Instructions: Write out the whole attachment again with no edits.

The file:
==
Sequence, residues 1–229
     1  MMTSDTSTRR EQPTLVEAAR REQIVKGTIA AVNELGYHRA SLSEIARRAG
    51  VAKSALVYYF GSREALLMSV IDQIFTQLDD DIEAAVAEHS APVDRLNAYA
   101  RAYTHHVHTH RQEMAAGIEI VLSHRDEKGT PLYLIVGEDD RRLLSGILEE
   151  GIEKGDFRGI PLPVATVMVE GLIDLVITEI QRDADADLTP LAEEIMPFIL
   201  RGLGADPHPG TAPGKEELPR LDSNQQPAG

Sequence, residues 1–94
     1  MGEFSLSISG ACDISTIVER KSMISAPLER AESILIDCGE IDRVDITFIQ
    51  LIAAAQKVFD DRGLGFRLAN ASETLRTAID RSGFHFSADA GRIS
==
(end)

Sequence, residues 1–229
     1  MMTSDTSTRR EQPTLVEAAR REQIVKGTIA AVNELGYHRA SLSEIARRAG
    51  VAKSALVYYF GSREALLMSV IDQIFTQLDD DIEAAVAEHS APVDRLNAYA
   101  RAYTHHVHTH RQEMAAGIEI VLSHRDEKGT PLYLIVGEDD RRLLSGILEE
   151  GIEKGDFRGI PLPVATVMVE GLIDLVITEI QRDADADLTP LAEEIMPFIL
   201  RGLGADPHPG TAPGKEELPR LDSNQQPAG

Sequence, residues 1–94
     1  MGEFSLSISG ACDISTIVER KSMISAPLER AESILIDCGE IDRVDITFIQ
    51  LIAAAQKVFD DRGLGFRLAN ASETLRTAID RSGFHFSADA GRIS